Ugly Stocks

You may recall where we left off yesterday – with the realization that investors pay for the entertainment of owning fashionable stocks. The inverse proposition – that investors should be rewarded for owning unfashionable ones – is the point of departure for today’s letter.

If there is any justice in the market, investors who own the most hip, fashionable and cool stocks should pay the highest price. is probably one such stock. So is Dreamlife. In both cases, investors who bought the stocks at their peaks of coolness will probably lose almost all their money.

I can sense you are getting ahead of me, dear reader… rushing me to pose the question: which are the stocks that are not at their nadirs of coolness…stocks so unappealing that you don’t want to have anything to do with them… stocks so un-fetching that you want your proxy statements sent in plain brown wrappers?

If you wanted to find such a company where would you look? Among the smokers…the polluters…the pornographers… the companies doing the least cool thing, at the least cool time, in the least cool way.

Barron’s mentions one candidate – a company whose chairman is such an out-of-the-box thinker he needs to invent his own verbs. “We continue to sell nonstrategic assets and to highgrade our reserve base.” The company is Cabot Oil and Gas.

Cabot, says Scott Black, Barron’s Roundtable panelist, “is ridiculously cheap.” Since ridiculous is what we’re looking for, we will look further: Cabot is in the ridiculously old fashioned business of drilling natural gas wells in such ridiculously unfashionable areas as the Green River Basin of Wyoming and the Cajun backwaters of Louisiana.

But Cabot was even more ridiculous before people began to notice oil and gas in 1999. Then, it traded as low as $12. Now, it’s $20. But Black thinks the breakup value of the company is $26 a share – conservatively valuing its oil and gas holdings. “In other words,” says Barron’s, “you can buy Cabot’s assets for 75 cents on the dollar.” Black thinks the stock will go up 50% in a year or so.

Another ugly mutt you might want to adopt is International Aluminum – mentioned in the same Barron’s article. The company earned $3.18 a share of profit in 1995. In fiscal 2000, it managed to cut its earnings down 29 cents a share. IAL is not a growth company, in other words, it is a shrink company. But the shares are selling for less than half of their price in 1998 – about $15. And has turned down an offer to sell all the shares for $18 a share.

IAL makes things such replacement windows, patio doors and tub enclosures. Not very cool. No bandwidth plenty…no cosmic dimension…no media stars among the shareholders. Indeed, the leading shareholder is the 85-year-old chairman, Cornelius Vanderstar, who still comes to work every day. An investor might be inclined to take more than a casual interest in Mr. Vanderstar’s health – since it is quite possible that the company could benefit from the Carnahan Effect, should something happen to him. That is, investors – like Missouri voters – might find Mr. Vanderstar’s stock more appealing once its owner is no longer at the controls of the enterprise.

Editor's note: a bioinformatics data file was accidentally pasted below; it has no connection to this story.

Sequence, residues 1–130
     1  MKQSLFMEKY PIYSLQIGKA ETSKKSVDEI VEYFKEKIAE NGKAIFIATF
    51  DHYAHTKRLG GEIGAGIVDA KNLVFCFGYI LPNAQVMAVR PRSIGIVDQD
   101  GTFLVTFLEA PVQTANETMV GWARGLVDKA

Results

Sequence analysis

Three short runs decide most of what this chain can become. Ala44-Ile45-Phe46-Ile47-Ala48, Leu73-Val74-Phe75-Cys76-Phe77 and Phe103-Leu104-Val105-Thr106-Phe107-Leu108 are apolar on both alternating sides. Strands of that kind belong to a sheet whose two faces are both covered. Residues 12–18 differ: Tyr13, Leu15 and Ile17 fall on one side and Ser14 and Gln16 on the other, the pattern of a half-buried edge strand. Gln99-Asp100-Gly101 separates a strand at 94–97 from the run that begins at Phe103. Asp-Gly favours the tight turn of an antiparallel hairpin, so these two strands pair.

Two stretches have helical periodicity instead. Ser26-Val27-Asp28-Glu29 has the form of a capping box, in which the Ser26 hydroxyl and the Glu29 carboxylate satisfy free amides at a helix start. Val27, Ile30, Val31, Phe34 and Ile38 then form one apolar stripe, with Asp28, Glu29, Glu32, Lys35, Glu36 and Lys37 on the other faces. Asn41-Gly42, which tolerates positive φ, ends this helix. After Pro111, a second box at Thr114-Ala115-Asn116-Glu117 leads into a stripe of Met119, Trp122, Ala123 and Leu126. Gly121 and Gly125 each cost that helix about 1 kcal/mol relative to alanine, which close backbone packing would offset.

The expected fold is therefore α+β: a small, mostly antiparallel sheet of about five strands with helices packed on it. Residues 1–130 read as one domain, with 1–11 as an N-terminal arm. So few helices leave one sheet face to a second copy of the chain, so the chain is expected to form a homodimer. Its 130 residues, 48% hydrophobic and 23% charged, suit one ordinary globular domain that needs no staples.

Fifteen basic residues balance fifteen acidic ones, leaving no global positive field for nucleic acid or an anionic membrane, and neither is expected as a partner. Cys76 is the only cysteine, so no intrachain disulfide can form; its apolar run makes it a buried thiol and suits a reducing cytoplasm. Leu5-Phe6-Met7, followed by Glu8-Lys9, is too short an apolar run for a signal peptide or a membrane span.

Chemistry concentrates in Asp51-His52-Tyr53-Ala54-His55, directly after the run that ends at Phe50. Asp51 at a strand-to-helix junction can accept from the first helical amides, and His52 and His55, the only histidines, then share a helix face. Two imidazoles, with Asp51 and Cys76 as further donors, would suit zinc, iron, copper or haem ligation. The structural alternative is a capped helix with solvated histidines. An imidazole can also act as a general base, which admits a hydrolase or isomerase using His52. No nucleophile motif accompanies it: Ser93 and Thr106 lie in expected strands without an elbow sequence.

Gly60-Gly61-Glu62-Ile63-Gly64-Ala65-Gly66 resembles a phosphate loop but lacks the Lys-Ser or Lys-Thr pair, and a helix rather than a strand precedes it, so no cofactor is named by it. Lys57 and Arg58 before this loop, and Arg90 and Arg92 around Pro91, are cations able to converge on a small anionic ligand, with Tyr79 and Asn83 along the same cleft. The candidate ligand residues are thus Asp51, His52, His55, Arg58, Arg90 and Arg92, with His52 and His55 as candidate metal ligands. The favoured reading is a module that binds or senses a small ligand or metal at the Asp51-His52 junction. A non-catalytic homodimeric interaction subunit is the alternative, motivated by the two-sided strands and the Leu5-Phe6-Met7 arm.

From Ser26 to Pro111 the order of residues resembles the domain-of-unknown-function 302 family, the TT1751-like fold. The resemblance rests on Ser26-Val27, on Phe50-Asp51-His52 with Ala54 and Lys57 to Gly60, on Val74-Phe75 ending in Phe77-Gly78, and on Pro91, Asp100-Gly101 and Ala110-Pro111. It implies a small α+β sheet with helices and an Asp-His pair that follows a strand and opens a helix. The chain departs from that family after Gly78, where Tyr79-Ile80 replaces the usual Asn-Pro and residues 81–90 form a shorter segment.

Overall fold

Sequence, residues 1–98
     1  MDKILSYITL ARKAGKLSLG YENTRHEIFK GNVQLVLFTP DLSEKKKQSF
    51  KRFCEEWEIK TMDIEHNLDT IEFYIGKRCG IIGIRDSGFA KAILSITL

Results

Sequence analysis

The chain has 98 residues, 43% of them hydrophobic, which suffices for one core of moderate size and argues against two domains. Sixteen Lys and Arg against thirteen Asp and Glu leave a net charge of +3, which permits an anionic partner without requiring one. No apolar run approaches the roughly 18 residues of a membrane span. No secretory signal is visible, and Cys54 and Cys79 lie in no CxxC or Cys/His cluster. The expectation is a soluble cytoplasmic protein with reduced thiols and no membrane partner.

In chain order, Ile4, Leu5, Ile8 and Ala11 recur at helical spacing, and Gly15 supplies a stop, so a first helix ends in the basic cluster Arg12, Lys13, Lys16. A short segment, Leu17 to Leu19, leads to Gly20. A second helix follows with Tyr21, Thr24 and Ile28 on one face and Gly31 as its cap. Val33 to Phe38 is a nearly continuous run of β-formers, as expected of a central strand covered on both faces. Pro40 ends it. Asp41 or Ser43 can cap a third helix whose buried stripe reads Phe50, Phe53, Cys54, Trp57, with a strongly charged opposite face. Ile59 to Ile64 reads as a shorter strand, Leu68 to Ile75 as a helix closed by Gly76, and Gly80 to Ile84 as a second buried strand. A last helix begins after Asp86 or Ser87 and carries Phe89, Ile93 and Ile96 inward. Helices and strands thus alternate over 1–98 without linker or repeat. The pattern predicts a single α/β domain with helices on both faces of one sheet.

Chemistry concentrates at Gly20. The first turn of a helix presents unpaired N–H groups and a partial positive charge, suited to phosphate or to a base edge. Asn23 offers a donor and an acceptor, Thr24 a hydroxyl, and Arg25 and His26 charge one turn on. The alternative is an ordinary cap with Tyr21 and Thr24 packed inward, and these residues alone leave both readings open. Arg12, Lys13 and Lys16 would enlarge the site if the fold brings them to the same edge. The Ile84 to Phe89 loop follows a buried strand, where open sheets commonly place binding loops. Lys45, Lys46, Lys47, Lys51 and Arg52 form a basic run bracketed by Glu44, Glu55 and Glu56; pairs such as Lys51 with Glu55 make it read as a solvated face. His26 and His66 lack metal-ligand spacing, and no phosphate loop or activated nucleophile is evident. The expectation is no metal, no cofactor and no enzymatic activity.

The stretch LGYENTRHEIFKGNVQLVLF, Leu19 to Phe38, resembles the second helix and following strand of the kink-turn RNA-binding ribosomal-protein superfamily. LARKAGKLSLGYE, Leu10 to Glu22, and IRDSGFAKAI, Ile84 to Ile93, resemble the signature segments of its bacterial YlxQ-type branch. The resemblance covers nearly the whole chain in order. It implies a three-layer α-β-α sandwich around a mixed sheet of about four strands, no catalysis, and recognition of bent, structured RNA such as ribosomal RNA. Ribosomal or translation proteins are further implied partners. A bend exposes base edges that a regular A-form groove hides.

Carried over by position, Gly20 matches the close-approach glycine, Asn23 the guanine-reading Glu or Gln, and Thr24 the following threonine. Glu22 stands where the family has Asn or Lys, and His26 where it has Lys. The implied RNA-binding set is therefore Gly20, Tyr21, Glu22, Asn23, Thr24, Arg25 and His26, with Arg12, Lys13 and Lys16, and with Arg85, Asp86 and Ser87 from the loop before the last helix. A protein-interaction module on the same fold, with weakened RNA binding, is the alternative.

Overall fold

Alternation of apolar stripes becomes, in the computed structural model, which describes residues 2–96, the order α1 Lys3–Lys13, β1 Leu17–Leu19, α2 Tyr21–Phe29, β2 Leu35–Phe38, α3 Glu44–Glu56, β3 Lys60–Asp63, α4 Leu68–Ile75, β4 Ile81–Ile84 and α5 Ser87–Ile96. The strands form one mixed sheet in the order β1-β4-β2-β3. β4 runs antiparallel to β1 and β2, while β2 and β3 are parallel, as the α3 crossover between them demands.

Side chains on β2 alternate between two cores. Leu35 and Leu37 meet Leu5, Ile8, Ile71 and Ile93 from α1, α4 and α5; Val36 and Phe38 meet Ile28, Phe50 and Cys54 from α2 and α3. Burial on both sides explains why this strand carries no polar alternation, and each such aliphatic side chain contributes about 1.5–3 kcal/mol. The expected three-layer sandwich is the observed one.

The stock is not attractive. But, our hypothesis is that the market pays you to hold ugly stocks and charges you to hold pretty ones. IAL pays well – an annual dividend of $1.20 – about 8%. Getting 8% on your money – while waiting for the stock price to shape up – is not a bad deal.

But there are degrees of ugliness, just as there are degrees of pulchritude. We are familiar with beauty pageants – and the staple of the financial press: 10 Best Stocks for the New Millenium — but what about the 10 worst stocks? What about the real mirror-crackers?

As so often, the Grants team has done the screen tests – and discovered some stocks that are at least worthy of being County Fair Queens of unsightliness.

Armstrong Holdings, for example, has had its credit rating reduced (on October 25), and its line of credit at the bank was not renewed. Armstrong is one of a handful of companies that make up a kind of very dirty dozen in what might be properly termed the asbestos litigation defense business. WR Grace, Federal Mogul, and Kaiser Aluminum are also mentioned in the Grant’s article. WR Grace, for example, ended 1999 facing 105,670 asbestos cases, each one representing, potentially, millions of dollars of extra costs.

Similar businesses have already cracked under the strain – Owens Corning went bankrupt on October 5, Celotex went belly up in 1997; National Gypsum rolled over in 1990 and Johns Mansville began the trend back in 1982 when it sought the protection offered by the U.S. bankruptcy courts.